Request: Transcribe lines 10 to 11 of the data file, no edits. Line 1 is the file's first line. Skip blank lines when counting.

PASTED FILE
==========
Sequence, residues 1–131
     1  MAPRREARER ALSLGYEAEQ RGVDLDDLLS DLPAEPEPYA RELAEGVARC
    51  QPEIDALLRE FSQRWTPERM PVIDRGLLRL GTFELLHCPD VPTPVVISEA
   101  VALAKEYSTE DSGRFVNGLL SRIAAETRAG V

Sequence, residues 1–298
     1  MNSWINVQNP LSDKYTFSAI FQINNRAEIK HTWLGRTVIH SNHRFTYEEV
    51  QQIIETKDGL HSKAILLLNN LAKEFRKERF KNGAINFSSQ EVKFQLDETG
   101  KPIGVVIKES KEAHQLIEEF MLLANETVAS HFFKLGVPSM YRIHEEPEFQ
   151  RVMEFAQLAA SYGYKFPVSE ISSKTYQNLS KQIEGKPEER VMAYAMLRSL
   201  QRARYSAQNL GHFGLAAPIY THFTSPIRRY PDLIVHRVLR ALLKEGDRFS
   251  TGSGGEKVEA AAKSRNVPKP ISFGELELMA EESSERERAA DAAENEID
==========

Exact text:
   201  QRARYSAQNL GHFGLAAPIY THFTSPIRRY PDLIVHRVLR ALLKEGDRFS
   251  TGSGGEKVEA AAKSRNVPKP ISFGELELMA EESSERERAA DAAENEID